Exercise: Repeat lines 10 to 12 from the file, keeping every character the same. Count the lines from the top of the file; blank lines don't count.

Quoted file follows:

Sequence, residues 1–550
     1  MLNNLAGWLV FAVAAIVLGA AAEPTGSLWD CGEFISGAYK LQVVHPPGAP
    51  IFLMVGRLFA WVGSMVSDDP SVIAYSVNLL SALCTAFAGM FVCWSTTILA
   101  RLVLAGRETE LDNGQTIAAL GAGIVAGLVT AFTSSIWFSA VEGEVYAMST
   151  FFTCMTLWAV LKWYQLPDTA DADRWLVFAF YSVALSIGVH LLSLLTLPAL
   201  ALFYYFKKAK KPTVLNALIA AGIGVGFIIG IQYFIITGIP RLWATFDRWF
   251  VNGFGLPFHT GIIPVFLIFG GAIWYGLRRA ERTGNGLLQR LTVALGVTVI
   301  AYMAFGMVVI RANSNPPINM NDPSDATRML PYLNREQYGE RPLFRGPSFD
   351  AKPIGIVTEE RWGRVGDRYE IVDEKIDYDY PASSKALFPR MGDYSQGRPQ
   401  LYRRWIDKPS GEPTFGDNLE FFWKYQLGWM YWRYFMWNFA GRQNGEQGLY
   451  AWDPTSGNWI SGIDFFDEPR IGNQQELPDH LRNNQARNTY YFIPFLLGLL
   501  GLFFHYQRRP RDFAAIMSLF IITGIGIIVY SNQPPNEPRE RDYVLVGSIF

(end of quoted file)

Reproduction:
   401  LYRRWIDKPS GEPTFGDNLE FFWKYQLGWM YWRYFMWNFA GRQNGEQGLY
   451  AWDPTSGNWI SGIDFFDEPR IGNQQELPDH LRNNQARNTY YFIPFLLGLL
   501  GLFFHYQRRP RDFAAIMSLF IITGIGIIVY SNQPPNEPRE RDYVLVGSIF